Monday, October 22, 2018

Honing Your Craft

A few years ago when I first heard that phrase, I really hated it. I thought it was the stupidest expression ever. It wasn't that I didn't understand what it meant, it just sounded silly, ridiculous. Hone your craft? Craft for me means glitter, glue, and popsicle sticks. So was I supposed to sharpen and shape my...popsicle stick hut??

I never correlated writing with being a "craft". And some people say that writing isn't a "hobby" and how dare we say that! Well, technically, working on crafts is a hobby, so why ISN'T writing ok to say is a hobby if we're saying it's a craft? Who cares, quite frankly? That's how I see it. Call it whatever the heck you want!! But whatever you call it, find out how you can "hone" it. *cringes*

Lately, I decided to take my Viking story and give it a major honing. I honed the crap out of it. I even removed several scenes and replaced the beginning storyline, effecting other scenes. A lot was rewritten, and I was drafting my already finished book all over again. I decided what must stay and what must go and what just simply had to be new. It took me all summer and into the beginnings of fall to finish. I didn't get to give it the time I wanted with accepting more hours at work, and giving my kids a summer that I was present for as much as possible. And, seriously, some days I didn't want to look at it.

When I was done, I wondered if the storyline even made sense. If I left threads out. If I had just a scatter of yarn balls and cats playing in there. I outlined each chapter and the scenes. To my surprise (and tears) everything was accounted for!

Next, I began adding in emotional and interior thoughts, while cleaning spots, too. But, when I went back a few chapters to correct something, I found my beginning was too strong and the rest like rubber. Literally, I was like "eff my life!". Now, I'm back to the beginning chapters, weeding out all the crap left and right. I'm finding the story hidden beneath the over use of fertilizer.

I could sit here and be really, really mad that I had to go back. I'm not though. I'm happy that by working on it and reading books along the way, I am sculpting my clay. I am glittering my paper. I am sticker-ing my scrapbook. I am honing my craft. I am practicing even if on the same piece of
work.

If a craft example isn't your thing, how about: The only way to master a 3-pointer in basketball is to keep shooting over and over and over. Same ball. Same hoop. And sometimes, the same spot. Adjust your hands. Adjust your footing. Adjust your strength. Soon - swish.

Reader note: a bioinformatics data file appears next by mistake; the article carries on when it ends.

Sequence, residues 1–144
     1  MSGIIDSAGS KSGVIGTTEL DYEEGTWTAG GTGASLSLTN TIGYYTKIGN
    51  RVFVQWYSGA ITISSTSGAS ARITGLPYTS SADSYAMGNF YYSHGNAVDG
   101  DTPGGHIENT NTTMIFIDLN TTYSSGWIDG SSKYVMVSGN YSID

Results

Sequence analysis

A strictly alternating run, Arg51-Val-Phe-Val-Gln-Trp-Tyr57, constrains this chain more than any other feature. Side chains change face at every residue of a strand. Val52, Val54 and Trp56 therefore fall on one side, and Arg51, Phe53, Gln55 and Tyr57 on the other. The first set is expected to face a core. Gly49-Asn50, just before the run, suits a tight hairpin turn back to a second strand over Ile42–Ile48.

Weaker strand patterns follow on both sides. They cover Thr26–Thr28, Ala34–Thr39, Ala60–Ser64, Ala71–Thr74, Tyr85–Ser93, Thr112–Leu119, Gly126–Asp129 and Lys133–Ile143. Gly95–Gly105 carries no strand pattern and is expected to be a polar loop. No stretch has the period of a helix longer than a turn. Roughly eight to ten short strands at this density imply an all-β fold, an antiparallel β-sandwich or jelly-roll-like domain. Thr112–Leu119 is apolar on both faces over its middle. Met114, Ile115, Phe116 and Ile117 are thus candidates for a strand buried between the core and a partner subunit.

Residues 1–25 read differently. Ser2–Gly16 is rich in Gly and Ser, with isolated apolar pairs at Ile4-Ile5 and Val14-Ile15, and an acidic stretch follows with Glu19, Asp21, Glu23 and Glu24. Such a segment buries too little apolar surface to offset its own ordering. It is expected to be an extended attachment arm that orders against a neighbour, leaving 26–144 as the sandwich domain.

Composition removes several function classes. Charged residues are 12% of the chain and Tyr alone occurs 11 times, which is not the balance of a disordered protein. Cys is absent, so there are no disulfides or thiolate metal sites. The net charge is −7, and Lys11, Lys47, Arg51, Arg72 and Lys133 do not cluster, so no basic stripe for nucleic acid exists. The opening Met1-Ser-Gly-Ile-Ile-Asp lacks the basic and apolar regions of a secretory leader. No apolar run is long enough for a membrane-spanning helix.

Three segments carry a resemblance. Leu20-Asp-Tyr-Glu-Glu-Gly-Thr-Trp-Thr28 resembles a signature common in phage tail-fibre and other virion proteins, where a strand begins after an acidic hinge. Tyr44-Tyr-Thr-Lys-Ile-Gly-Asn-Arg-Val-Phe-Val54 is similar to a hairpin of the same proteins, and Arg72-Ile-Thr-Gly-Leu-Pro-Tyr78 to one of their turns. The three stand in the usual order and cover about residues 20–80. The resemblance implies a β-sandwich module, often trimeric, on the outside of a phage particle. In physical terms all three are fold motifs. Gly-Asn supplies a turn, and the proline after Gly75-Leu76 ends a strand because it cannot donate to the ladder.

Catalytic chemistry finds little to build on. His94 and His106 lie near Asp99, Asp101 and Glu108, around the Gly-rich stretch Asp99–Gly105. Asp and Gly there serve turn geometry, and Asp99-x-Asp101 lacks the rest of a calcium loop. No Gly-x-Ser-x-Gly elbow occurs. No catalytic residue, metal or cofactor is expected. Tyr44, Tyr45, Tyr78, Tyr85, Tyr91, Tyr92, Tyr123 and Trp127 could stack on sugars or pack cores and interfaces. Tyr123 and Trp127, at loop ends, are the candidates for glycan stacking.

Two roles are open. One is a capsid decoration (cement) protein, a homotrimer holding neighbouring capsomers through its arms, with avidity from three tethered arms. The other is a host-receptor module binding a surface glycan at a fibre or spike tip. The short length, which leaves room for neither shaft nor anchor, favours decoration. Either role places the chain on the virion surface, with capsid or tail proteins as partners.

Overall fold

What about you? How long did it take until you found your niche in something? What helped you figure out what you were doing wrong or gave you the boost you needed in the right direction?


22 comments:

Alex J. Cavanaugh said...

Soon it will sparkle just like that star!

Debra She Who Seeks said...

I'm sure all that honing will pay off!

The Silver Fox said...

Sounds great, as long as one doesn't overdo it. I remember a comic book parody of Robinson Crusoe where he chopped down an enormous tree, sawed off a good-sized chunk of it, and then used a a smoothing plane to make it smaller, and smaller, and smoother, and smoother, until finally he had the result he'd wanted: A toothpick!

Tammy Theriault said...

Oh my word...hahah

Tammy Theriault said...

I sure hope so!!

Tammy Theriault said...

Yes!!

Elephant's Child said...

I am nicheless but love the sparkle and glitter that artists of all kinds (but writers in particular) impart to my day.

JoJo said...

I couldn't take my eyes off that blue glittered star. haha Of course writing is a craft. Anything creative is a craft...even cooking!

Tammy Theriault said...

Same!

Tammy Theriault said...

Right??

Mark Noce said...

In some ways it's an ongoing process, as an author, always challenging oneself. Every book feels like a foray into the unknown:)

Natalie Aguirre said...

I did major honing of my first manuscript for about 10 years. It's good to recognize when it's needed and enjoy the process of doing it. Glad to see you blogging. Miss you!

Tammy Theriault said...

Yes! Agreed

Tammy Theriault said...

Miss you, too!!

Elizabeth Seckman said...

I'm always honing. Seems there is always some honing to do.

Glad to hear your Viking story is shaping up!

Tammy Theriault said...

Honing should be banned. Haha!

Heather R. Holden said...

Wow! Your dedication to this Viking story is so impressive. Amazed by all the work you've poured into it!

Susan Gourley/Kelley said...

LOL. You always give such interesting takes on things. I think of the craft of writing like the craft of a weaver or someone else who makes a living with their talent, not craft as in arts-n-crafts day at summer camp.
I'm so impressed with your dissection and serious operation you're doing on your work. Hone away!

Tammy Theriault said...

I love your cheerleading. I hope you get to read it someday!

Tammy Theriault said...

Thanks, love!! This is quite the craft project! lol

Neurotic Workaholic said...

Good for you for working so hard on your story; it definitely sounds like you've made a lot of progress on it. And I agree that writing is a craft, though I think that a lot of other people don't seem to get that. I think that they don't realize how important it is to put more time and effort into it, especially because they care more about publication than writing.

Tammy Theriault said...

And the only way to be published is good writing!